CRDF Global Spotlight Series

IVLP Perspectives Point to a Multi-Dimensional Response to Combat Disinformation

Dr. Rumena Filipova is Chairperson and Co-Founder of the Institute for Global Analytics (Bulgaria), which seeks to foster closer bonds between academia, policy-making, and civil society on the basis of innovative ideas, connecting the global with the local. In 2021, she was selected by the U.S. Embassy in Bulgaria to participate in the International Visitor Leadership Program (IVLP) on media responsibility in an age of disinformation. The IVLP is a professional exchange program funded by the U.S. Department of State that fosters mutual understanding between current and emerging foreign leaders and their American counterparts.

Media is a central and unavoidable aspect of everyday life. It reports, investigates, and demands accountability from politicians, while further framing perceptions and identities. Yet, afflicted by a variety of challenges, media platforms have served to subvert the transparency and clarity of the transmission of information, distorting our views of the world. Concerns about opaque media ownership structures; the dissemination of domestically-generated and foreign authoritarian state-sponsored disinformation; targeted political advertising and breaches of data privacy on social media; legal and physical assaults on journalists; and government crackdowns on free speech inform a long list of problems that need to be urgently tackled by civil society, policy-makers and media professionals.

The IVLP Project “Edward R. Murrow Program for Journalists – Media Responsibility in an Age of Disinformation II”, which took place between 15 November and 10 December 2021, provided such a comprehensive perspective on media, demonstrating that the way forward for dealing with the predicaments besetting journalism should be multi-dimensional. First, we need to understand the psychology behind susceptibility to disinformation, and thereafter design effective techniques for attracting audiences to quality journalism. In turn, the fundamentals of (social) media literacy should be taught in school. There also needs to be a firm grasp of the craft of journalism. For instance, we need to be simultaneously attuned to the significance of hardships and personal risks involved in investigative reporting. For its part, local journalism’s advantage to the population has to be underscored, all the while attempting to find solutions for its decline.

Based on this plethora of perspectives, a number of critical takeaways have stood out in the IVLP hosts’, speakers’ and fellows’ quest to build media resilience:

  • Our discussions crucially underlined the importance of “media entrepreneurship.” This concept is a reminder that quality journalism requires a continuous search for cutting-edge, newsworthy information. But media entrepreneurship also refers to seeking innovative models – such as nonprofit funding, that can assist in breaking away from a dualistic dependence on either state support and government subsidies or corporate financing.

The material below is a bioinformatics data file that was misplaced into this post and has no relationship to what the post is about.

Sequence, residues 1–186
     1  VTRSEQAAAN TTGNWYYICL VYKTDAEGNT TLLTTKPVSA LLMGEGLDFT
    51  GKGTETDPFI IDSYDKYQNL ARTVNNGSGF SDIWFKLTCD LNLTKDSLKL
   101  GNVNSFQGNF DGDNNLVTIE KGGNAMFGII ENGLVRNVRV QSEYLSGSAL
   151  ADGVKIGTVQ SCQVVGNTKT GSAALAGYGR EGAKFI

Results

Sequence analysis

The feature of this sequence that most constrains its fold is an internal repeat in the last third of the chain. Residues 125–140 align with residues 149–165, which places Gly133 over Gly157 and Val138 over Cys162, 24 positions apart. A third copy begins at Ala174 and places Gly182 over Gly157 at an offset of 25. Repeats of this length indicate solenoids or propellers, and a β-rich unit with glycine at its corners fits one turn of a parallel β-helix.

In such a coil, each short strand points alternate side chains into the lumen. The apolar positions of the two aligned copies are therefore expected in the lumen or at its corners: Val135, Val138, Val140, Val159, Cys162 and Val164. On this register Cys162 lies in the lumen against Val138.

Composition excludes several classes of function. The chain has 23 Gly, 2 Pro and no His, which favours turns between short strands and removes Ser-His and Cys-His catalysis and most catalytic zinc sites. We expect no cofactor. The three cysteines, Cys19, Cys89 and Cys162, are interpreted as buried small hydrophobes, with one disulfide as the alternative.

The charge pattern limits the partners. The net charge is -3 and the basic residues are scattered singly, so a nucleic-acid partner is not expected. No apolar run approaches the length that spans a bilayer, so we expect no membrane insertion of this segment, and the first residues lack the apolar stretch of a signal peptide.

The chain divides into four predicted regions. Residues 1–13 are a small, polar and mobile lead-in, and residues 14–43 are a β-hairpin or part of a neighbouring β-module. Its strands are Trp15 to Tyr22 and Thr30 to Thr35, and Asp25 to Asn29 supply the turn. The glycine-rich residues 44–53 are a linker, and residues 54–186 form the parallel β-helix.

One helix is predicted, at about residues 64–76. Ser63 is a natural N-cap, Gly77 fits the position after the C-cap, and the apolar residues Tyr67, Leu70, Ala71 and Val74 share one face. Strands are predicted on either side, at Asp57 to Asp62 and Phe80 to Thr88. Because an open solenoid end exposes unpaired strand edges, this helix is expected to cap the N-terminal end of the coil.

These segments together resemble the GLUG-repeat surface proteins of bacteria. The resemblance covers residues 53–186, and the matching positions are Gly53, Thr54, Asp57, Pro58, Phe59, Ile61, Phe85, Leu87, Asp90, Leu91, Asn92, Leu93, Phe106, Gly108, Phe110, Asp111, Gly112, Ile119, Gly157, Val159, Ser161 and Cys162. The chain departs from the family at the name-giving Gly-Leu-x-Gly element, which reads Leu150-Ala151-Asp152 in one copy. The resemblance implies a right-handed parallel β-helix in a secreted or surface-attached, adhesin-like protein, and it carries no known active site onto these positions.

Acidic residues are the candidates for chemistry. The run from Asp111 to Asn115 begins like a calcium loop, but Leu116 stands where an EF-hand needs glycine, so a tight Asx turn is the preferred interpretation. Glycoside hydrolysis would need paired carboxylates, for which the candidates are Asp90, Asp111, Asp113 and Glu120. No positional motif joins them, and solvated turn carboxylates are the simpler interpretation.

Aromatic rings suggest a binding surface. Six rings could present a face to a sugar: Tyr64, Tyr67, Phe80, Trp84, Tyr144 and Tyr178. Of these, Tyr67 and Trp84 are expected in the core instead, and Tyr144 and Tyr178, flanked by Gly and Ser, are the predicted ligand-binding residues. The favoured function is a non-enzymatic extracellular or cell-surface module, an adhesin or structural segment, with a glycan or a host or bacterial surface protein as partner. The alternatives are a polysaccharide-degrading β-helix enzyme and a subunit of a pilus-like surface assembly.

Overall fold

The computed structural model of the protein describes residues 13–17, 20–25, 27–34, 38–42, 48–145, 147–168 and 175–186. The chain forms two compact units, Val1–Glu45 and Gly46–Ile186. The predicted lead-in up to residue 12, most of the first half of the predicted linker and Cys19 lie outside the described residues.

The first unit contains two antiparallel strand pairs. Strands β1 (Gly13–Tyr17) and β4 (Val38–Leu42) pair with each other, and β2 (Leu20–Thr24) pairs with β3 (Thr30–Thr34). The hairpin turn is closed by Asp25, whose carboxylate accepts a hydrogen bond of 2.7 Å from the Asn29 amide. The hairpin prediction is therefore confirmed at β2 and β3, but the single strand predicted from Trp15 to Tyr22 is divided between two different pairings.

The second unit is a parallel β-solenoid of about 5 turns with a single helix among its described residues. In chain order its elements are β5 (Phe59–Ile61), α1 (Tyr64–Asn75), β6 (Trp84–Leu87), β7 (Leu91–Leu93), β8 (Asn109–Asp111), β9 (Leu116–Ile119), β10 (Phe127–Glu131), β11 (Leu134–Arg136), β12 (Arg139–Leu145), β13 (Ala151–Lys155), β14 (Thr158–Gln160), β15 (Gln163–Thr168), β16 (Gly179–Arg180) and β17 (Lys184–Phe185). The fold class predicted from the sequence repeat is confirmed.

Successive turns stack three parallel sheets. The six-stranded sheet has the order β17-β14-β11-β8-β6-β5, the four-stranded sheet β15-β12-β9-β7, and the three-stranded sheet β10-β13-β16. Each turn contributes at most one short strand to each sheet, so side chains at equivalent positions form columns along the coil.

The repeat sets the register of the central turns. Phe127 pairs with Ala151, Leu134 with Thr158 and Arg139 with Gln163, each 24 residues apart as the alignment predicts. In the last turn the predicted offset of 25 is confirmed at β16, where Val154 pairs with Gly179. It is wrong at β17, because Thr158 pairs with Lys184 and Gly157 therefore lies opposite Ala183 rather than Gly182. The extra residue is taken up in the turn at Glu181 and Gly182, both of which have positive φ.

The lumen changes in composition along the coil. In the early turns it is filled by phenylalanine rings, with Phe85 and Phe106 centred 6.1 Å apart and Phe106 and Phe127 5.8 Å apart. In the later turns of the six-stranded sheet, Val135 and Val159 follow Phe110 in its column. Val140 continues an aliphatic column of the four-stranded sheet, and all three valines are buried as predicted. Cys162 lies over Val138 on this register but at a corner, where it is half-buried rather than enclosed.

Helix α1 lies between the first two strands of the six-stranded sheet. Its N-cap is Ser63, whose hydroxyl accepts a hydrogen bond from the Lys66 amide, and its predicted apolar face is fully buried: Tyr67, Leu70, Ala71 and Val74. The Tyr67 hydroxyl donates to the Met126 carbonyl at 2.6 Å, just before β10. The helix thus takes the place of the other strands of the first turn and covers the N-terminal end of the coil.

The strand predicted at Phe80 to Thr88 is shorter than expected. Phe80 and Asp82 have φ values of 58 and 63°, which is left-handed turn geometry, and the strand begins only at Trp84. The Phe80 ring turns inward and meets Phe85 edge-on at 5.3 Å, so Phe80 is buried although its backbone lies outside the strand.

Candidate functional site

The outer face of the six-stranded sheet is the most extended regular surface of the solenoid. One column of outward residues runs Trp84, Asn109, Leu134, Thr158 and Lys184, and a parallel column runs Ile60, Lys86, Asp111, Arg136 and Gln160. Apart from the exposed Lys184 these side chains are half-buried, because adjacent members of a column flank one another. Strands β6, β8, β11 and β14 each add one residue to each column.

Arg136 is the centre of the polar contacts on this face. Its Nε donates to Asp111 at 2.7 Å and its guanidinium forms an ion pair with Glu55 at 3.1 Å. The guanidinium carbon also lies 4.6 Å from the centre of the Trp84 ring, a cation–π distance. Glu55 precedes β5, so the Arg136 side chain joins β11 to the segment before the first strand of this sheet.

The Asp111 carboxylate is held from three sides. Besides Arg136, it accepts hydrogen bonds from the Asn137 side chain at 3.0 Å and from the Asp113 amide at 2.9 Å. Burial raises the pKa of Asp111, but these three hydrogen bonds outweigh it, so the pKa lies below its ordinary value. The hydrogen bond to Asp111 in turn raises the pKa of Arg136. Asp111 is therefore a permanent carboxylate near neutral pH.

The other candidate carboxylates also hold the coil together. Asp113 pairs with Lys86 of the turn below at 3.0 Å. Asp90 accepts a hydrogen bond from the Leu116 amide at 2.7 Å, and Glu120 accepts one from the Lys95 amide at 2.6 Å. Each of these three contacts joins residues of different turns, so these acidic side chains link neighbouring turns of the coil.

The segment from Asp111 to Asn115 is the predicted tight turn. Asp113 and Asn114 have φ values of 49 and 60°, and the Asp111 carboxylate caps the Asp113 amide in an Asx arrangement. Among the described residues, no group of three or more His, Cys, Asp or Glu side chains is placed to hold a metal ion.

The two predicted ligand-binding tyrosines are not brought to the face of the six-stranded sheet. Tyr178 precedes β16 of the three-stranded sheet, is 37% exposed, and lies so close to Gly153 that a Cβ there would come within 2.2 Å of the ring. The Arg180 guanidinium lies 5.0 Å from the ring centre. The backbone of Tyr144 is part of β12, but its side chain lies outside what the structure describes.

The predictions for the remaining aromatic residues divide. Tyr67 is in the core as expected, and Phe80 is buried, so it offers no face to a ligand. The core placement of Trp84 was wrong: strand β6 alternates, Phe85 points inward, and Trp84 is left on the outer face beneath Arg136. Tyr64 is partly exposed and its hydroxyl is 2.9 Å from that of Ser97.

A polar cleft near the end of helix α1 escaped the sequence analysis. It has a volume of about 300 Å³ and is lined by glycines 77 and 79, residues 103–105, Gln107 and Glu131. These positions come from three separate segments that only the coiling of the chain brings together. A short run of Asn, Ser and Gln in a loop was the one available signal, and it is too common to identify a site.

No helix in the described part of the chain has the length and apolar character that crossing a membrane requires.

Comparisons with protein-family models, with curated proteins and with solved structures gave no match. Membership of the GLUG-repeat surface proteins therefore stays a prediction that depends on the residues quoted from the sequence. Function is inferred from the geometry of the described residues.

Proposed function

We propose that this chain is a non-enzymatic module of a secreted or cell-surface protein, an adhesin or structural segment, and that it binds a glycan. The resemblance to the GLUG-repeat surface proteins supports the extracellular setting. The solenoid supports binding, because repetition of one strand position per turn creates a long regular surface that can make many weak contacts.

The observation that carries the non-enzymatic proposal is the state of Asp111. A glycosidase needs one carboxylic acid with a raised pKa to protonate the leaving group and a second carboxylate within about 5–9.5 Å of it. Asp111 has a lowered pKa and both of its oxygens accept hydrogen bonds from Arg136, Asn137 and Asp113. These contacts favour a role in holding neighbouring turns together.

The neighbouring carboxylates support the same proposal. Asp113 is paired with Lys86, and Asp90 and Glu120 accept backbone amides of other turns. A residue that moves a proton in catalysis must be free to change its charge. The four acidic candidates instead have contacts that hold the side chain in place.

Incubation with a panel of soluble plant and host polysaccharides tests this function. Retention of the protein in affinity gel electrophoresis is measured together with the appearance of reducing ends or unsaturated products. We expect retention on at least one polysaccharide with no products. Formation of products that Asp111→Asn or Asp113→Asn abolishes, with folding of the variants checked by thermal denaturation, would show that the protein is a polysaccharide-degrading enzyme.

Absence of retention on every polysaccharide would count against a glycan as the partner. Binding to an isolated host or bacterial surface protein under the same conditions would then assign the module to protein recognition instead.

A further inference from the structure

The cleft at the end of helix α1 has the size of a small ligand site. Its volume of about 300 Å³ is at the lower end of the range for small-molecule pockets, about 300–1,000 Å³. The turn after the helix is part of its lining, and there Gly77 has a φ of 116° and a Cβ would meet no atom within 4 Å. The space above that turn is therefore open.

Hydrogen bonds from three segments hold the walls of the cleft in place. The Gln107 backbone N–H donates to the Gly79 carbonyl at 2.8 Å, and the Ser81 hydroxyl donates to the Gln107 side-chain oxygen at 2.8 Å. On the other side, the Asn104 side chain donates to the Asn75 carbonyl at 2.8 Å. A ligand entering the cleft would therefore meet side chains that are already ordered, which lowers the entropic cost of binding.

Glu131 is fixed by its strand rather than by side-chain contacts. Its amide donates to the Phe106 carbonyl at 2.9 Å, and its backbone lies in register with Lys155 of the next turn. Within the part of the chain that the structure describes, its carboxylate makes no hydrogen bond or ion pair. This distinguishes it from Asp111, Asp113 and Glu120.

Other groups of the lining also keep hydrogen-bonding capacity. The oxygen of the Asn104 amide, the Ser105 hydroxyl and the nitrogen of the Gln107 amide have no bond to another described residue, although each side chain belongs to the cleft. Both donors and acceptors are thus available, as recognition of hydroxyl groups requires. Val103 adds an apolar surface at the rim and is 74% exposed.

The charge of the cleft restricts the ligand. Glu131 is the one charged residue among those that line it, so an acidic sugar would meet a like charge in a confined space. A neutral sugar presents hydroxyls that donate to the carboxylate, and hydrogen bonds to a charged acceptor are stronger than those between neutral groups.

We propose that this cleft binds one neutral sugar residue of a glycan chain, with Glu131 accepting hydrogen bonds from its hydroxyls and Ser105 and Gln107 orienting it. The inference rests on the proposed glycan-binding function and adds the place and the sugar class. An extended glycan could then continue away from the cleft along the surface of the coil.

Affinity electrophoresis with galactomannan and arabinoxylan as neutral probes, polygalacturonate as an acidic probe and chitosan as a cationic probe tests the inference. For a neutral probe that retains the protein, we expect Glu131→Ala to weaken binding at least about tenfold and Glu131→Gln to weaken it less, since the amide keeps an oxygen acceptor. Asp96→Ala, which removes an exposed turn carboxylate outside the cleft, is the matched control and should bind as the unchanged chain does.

• The widespread public distrust in the media, observable across many countries, speaks to the growing distance between news outlets and their audience, who now turn to social media. Hence, a most immediate remedy to close this gulf would consist in participatory journalism: active citizen re-engagement with the media through, among others, reporting of locally-relevant concerns or the formation of civil societal councils exercising scrutiny over public news outlets.
  • Critical times in politics, such as the COVID-19 pandemic, call for reevaluating the concept of “neutrality,” which is an integral part of the journalistic and academic practice. It is particularly necessary to question the boundaries of such neutrality so that “silence does not become complicity.” That is, media professionals and commentators may be allowed to take a stand in cases when viewpoints do not have equal validity. So, weighing in on sounder argumentation could be required with respect to events and developments that entail significant social and political ramifications.

Overall, these three crucial insights from the IVLP program discussions can be utilized for starting to carve out a global and coordinated response to media problems. Admittedly, many of those problems are characterized by national specificities and hold concrete contextual relevance. For instance, the case of Bulgaria demonstrates that extensive vaccine hesitancy (concretely manifested in the country’s lowest level of vaccination within the European Union) has been fed by disinformation and conspiracy theories circulated by domestic actors and further reinforced by foreign authoritarian state-sponsored influence operations. Yet, these are also phenomena that are present to varying degrees across countries and represent experiences that media professionals on a worldwide scale can relate to. A shared challenge is emerging, in particular, with regard to the need to find effective solutions to the growing interconnection and accumulation of internal and external sources of disinformation and attacks on media freedom. Hence, a global response is possible and necessary and would be informed by contextual sensitivity combined with mutual learning and networked collaboration. In this way only can we move from an internationalized infodemic to a global media cure.

Dr. Rumena Filipova is Chairperson and Co-Founder of the Institute for Global Analytics (Bulgaria), which seeks to foster closer bonds between academia, policy-making, and civil society on the basis of innovative ideas, connecting the global with the local. She is the author of the forthcoming book Constructing the Limits of Europe. Identity and Foreign Policy in Poland, Bulgaria, and Russia since 1989 (ibidem-Verlag/Columbia University Press).

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